Big boatbuilder plans to eliminate 1,450 jobs, says it will go beyond that if sales don’t improve
The string of bad news regarding layoffs from struggling U.S. boat manufacturers has received a punctuation mark from the industry giant.
Brunswick Corp. announced Oct. 9 it will accelerate its previously stated efforts to resize the company and remove $300 million in fixed costs by the end of 2009. By the end of this year, plants in Arlington, Wash., and Roseburg, Ore., will be permanently closed, and the Navassa, N.C., plant will be mothballed. The Pipestone, Minn., permanent closure is expected to be completed during the first quarter of 2009. The moves will result in the eventual elimination of approximately 1,450 hourly and salaried positions at these facilities.
Brunswick also says it plans to temporarily suspend production at three of its boatbuilding facilities near Knoxville, Tenn., beginning the week of Oct. 27 and continuing through the remainder of the year. During this time, Brunswick will transition boat models from the plants that are closing into these facilities.
Brunswick chairman and CEO Dustan McCoy said the actions are dictated by turmoil in the markets and the continuing slump in housing and consumer confidence.
“We have no doubt that the actions we are announcing today are correct,” McCoy said in an Oct. 9 conference call with investment analysts.
No liquidity crisis
The analysts seemed most interested in whether or not the company would be able to meet certain loan covenants, given the accelerated downsizing and the restructuring charges involved. McCoy acknowledged that one of Brunswick’s covenants may be “under stress” if the market slump continues.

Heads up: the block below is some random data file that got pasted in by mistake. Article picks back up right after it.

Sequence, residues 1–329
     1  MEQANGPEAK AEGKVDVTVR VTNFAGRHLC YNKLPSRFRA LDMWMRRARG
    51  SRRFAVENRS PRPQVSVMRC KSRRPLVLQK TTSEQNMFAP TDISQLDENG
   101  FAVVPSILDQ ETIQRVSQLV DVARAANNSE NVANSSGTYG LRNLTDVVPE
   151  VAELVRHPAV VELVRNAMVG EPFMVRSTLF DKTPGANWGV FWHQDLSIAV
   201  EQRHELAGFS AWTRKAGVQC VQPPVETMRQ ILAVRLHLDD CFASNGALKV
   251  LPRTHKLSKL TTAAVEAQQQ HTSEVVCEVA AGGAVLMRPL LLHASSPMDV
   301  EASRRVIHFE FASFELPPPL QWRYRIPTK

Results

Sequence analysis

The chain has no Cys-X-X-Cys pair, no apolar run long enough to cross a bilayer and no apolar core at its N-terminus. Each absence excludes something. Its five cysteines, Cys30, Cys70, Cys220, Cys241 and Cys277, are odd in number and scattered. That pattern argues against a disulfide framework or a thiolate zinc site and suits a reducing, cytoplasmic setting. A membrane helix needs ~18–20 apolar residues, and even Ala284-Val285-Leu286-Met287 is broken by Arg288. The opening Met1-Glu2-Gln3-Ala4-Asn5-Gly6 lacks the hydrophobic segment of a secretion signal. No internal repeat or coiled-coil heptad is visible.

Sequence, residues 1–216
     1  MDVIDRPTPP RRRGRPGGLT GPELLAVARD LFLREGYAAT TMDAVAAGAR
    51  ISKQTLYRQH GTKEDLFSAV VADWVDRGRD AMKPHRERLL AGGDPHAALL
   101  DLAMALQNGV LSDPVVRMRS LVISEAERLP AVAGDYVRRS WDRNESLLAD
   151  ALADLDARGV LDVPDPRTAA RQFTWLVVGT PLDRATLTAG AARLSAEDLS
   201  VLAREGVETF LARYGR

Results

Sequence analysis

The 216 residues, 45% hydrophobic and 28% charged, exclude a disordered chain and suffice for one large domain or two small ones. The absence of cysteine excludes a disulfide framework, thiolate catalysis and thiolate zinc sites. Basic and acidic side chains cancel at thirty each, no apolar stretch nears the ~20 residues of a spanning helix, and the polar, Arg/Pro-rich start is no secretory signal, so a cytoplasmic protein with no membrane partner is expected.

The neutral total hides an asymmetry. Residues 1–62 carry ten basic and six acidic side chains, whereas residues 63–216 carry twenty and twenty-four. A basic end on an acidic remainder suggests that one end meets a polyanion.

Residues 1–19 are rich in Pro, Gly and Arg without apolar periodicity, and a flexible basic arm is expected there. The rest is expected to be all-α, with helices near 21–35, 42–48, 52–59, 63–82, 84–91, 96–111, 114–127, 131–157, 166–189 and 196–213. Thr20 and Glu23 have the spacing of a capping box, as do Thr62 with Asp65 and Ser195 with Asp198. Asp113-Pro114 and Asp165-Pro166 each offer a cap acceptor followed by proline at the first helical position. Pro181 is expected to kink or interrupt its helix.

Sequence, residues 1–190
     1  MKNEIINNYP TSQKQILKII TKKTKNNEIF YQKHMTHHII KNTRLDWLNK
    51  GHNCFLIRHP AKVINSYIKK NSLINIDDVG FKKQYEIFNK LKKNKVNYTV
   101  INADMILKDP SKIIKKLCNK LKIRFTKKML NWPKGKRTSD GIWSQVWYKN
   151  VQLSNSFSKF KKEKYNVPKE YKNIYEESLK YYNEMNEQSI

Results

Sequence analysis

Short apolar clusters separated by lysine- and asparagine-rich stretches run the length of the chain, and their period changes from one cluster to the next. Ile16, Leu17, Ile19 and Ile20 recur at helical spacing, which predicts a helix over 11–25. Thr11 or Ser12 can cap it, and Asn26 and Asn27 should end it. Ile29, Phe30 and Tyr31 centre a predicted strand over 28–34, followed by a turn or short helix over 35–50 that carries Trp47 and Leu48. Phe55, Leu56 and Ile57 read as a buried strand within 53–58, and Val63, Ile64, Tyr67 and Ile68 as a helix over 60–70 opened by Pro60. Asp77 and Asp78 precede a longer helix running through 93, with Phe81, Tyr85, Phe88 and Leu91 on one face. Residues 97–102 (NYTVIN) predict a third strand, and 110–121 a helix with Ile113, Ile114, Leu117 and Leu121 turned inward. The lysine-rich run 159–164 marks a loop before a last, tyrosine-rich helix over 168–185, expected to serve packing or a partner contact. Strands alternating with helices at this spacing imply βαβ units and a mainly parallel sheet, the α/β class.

He noted, however, that Brunswick has already opened discussions with its bank to set up a revolving line of credit. He also said Brunswick has enough cash on hand to “live out of our own pockets” through the first half of 2009 beore having to rely on revolving credit.
“We are not in breach of any covenants as of the third quarter,” CFO Peter Hamilton emphasized. However, he added, “As we go forward, there will be stress on covenants, and we’re in discussions with the bank on a revolver.”
According to Tim Conder, managing director of leisure equity research for Wachovia, “Potential fourth-quarter technical violations of revolving debt covenants should not be a major hurdle, considering nothing is currently drawn under this revolver, and Brunswick should likely be able to obtain temporary waivers.
“We do not believe Brunswick is in any imminent danger of a liquidity crisis,” Conder said in his report.
More to come?
Analysts also asked if there would be more downsizing to come if the economy continues to lag.
“If the market continues quarterly declines of 40 percent, we will have to do more,” McCoy said. “We have very strong contingency plans, and we’re prepared to make other moves if we need to.”
McCoy noted that the measures taken this week already assume the European markets will weaken. A number of analysts have have said sales in Europe are beginning to slow and may falter even more as the credit and liquidation crisis in the United States spreads abroad.
Brunswick stock lost nearly $2 a share in afternoon trading Oct. 9 before closing at $8.12, down from a 52-week high of $24.18. It opened Oct. 10 at $7.63.
Wachovia Capital Markets revised 2008 and 2009 earnings estimates for Brunswick to a loss of $1.41 and earnings of 22 cents per share, respectively. This compares to Wachovia’s previous estimates of 63 cents per share loss for 2008 and 87 cents per share gain for 2009.
The revised numbers are based on “ongoing deterioration in the U.S./global marine markets, and accelerated core business restructuring and resultant cost savings,” said Conder in his report.
This article originally appeared in the November 2008 issue.